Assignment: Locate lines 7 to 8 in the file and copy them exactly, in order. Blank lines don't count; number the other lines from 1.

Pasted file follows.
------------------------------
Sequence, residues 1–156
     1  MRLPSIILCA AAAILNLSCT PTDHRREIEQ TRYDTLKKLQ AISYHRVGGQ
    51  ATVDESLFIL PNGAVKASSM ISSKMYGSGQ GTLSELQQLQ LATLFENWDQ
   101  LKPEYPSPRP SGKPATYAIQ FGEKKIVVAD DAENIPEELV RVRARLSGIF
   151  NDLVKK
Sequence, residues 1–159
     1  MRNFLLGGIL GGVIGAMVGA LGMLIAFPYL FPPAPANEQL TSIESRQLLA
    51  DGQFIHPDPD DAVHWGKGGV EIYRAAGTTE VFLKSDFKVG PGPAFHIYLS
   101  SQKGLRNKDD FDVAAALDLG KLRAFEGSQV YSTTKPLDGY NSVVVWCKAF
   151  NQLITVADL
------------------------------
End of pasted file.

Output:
     1  MRNFLLGGIL GGVIGAMVGA LGMLIAFPYL FPPAPANEQL TSIESRQLLA
    51  DGQFIHPDPD DAVHWGKGGV EIYRAAGTTE VFLKSDFKVG PGPAFHIYLS